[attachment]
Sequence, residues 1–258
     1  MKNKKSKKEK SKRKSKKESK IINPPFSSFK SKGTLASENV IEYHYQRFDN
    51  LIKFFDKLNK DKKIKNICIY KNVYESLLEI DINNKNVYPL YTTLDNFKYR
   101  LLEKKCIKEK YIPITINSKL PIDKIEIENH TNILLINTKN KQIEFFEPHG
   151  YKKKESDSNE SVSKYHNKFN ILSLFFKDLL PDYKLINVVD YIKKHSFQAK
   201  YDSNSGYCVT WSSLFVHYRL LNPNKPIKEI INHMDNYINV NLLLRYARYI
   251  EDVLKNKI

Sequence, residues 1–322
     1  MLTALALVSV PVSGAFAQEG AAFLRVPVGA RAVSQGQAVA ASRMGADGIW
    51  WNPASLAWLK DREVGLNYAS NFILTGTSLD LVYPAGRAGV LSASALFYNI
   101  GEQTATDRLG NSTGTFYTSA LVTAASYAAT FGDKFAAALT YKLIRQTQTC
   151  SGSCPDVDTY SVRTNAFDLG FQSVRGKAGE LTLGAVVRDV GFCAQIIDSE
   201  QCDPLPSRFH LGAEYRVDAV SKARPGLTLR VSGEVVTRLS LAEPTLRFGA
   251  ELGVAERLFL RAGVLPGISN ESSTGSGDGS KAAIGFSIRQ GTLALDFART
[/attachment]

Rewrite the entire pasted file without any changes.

Sequence, residues 1–258
     1  MKNKKSKKEK SKRKSKKESK IINPPFSSFK SKGTLASENV IEYHYQRFDN
    51  LIKFFDKLNK DKKIKNICIY KNVYESLLEI DINNKNVYPL YTTLDNFKYR
   101  LLEKKCIKEK YIPITINSKL PIDKIEIENH TNILLINTKN KQIEFFEPHG
   151  YKKKESDSNE SVSKYHNKFN ILSLFFKDLL PDYKLINVVD YIKKHSFQAK
   201  YDSNSGYCVT WSSLFVHYRL LNPNKPIKEI INHMDNYINV NLLLRYARYI
   251  EDVLKNKI

Sequence, residues 1–322
     1  MLTALALVSV PVSGAFAQEG AAFLRVPVGA RAVSQGQAVA ASRMGADGIW
    51  WNPASLAWLK DREVGLNYAS NFILTGTSLD LVYPAGRAGV LSASALFYNI
   101  GEQTATDRLG NSTGTFYTSA LVTAASYAAT FGDKFAAALT YKLIRQTQTC
   151  SGSCPDVDTY SVRTNAFDLG FQSVRGKAGE LTLGAVVRDV GFCAQIIDSE
   201  QCDPLPSRFH LGAEYRVDAV SKARPGLTLR VSGEVVTRLS LAEPTLRFGA
   251  ELGVAERLFL RAGVLPGISN ESSTGSGDGS KAAIGFSIRQ GTLALDFART